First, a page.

Matt Bevin on Wall Street: Before and after
02/11/2014 07:20 PM
As a U.S. Senate candidate, Republican Matt Bevin says there’s no such thing as “too big to fail” for banks, that the federal government engaged in a “shake down” of JP Morgan Chase and that Wall Street is already regulated enough.
As the head of investment firm in 2008, Bevin signed off on different type of views.
According to Politico , Bevin was in support of the $700 billion Troubled Asset Relief Program, as well as the government takeover of troubled mortgage giants Fannie Mae and Freddie Mac.
But before that was reported, cn|2’s Ryan Alessi asked Bevin after the Spencer County Republican Lincoln Day Dinner Friday about his views about Wall Street and the bank bailout, which he has criticized U.S. Sen. Mitch McConnell for supporting.
Since the bailout, some Senators, including Democratic Sen. Elizabeth Warren, have warned that some of the banks have become “too big to fail.” Bevin said there’s no such thing.
“To say that something is too big to fail is to fly in the face of everything that made this nation great, it’s to fly in the face of of the best things about a free market economy,” Bevin told Pure Politics Friday. “Too big to fail basically means you can do whatever you want and don’t worry, we got your back…Too big to fail is a faulty premise.”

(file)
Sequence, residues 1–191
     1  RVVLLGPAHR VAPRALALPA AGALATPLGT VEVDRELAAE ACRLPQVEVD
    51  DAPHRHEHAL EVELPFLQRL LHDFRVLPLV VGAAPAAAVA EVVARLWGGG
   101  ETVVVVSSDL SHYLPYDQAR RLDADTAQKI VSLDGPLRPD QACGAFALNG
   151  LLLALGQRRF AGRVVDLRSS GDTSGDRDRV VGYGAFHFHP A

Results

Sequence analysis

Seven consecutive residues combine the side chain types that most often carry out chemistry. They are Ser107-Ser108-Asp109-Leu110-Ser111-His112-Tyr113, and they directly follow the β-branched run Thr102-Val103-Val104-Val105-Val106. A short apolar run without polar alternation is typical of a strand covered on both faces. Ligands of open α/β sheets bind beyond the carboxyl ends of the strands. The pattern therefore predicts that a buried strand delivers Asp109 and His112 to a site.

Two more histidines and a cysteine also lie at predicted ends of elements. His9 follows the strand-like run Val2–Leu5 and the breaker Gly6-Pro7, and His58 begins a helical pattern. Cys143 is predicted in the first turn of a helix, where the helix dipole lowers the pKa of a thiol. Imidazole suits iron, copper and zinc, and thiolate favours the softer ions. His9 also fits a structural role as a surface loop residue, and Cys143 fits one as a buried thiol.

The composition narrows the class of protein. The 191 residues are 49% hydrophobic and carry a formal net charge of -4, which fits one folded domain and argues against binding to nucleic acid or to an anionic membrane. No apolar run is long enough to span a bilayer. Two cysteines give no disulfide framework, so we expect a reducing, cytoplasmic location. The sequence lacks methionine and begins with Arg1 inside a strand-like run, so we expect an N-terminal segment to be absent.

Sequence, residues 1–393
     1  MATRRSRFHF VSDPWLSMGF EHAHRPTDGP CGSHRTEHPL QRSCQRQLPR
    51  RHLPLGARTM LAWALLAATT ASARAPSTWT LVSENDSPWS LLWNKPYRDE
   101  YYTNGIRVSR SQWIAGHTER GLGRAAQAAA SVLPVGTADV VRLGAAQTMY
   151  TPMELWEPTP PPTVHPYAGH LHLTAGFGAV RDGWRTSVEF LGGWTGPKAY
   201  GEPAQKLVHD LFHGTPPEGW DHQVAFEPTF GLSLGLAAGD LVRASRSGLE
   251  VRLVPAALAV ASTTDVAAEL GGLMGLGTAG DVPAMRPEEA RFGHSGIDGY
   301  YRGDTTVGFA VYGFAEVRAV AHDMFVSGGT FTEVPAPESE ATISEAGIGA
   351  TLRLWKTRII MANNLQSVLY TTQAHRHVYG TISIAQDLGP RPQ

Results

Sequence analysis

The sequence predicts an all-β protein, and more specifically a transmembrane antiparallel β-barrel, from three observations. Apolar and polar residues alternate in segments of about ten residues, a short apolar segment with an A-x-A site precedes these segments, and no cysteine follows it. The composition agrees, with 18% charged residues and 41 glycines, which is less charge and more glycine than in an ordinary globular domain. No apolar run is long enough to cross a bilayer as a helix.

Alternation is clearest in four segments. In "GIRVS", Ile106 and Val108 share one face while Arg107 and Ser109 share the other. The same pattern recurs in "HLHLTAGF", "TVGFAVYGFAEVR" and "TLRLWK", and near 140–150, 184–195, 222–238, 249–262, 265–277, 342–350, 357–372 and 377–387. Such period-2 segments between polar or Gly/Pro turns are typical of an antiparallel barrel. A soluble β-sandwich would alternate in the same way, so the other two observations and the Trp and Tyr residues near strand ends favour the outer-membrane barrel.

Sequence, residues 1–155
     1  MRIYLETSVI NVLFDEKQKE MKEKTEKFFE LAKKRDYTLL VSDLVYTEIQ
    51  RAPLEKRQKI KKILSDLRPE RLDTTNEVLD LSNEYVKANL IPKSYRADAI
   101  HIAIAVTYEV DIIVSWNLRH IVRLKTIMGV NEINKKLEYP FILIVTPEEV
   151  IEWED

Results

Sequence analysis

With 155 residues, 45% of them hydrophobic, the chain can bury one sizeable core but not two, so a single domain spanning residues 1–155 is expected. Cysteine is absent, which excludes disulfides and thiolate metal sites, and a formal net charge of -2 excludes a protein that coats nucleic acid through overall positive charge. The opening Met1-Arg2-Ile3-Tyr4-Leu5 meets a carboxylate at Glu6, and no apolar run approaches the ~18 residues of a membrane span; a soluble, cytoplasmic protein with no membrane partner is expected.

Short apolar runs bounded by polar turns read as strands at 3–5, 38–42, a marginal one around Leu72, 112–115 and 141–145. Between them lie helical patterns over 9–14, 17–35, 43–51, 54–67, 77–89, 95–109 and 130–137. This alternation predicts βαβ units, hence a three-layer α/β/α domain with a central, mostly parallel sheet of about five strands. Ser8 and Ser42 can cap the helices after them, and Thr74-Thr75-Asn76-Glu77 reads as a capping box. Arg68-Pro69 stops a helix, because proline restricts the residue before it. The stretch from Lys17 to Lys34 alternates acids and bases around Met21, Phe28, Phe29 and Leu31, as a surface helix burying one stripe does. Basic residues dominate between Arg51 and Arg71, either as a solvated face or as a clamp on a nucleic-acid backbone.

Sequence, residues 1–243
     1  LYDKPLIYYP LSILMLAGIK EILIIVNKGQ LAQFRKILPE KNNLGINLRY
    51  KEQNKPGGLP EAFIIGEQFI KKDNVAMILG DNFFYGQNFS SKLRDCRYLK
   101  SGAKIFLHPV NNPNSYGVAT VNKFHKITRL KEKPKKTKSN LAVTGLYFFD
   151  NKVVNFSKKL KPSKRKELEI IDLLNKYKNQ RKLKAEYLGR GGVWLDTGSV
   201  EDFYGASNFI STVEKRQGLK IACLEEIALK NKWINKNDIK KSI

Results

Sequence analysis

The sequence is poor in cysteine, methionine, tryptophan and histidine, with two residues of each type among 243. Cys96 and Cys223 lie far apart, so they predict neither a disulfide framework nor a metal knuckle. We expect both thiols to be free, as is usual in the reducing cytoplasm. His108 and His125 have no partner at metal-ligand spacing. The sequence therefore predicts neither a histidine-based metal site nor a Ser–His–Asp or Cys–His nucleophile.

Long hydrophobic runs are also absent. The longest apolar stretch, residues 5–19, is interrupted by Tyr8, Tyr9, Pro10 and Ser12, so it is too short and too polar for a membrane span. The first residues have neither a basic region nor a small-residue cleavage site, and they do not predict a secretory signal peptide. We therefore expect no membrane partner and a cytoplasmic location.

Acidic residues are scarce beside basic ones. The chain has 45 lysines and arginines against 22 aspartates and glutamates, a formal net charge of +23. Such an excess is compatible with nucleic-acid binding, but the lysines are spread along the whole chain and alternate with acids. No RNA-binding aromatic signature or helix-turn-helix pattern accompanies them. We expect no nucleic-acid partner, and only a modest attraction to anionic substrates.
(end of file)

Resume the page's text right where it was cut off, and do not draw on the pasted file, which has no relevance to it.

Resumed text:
Last month, JP Morgan Chase CEO Jamie Dimon — one of the key bank executives involved in the 2008 bailouts — received 74 percent increase in compensation for 2013. The bank board’s approval of the raise brought Dimon’s pay for 2013 to about $20 million dollars.
Dimon’s increase came after the bank agreed to pay $23 billion in regulatory and settlement fees last year related to a major trading scandal. Bevin called the fine a “shake down” by the federal government.
“They were forced by the same government who turned around and sued them and fined them, they were forced by that government to absorb those faulty companies, they were forced by the government as a part of this ‘too big to fail’ where our government decided they were gonna tell which banks were gonna absorb which other banks and who was gonna be the winner and who was gonna be the loser,” Bevin said.
Meanwhile, Wall Street remains on the hot seat with regulators and with key federal lawmakers. Last week, another high-profile trader, former S.A.C. Capital portfolio manager Mathew Martoma, was found guilty in federal court.
When asked whether he thinks more regulations or law changes are needed, Bevin said he knows from personal experience that Wall Street is already one of the most regulated financial industry in the country.
“I’ve started a 40-act RIA, I’ve started a mutual fund company from scratch, I understand exactly what’s involved in these companies, I ran those companies as CEO for years, Bevin said. “There is a need for legislation, there is plenty of regulation already but the fact is there may be opportunities where we could tighten things up.”
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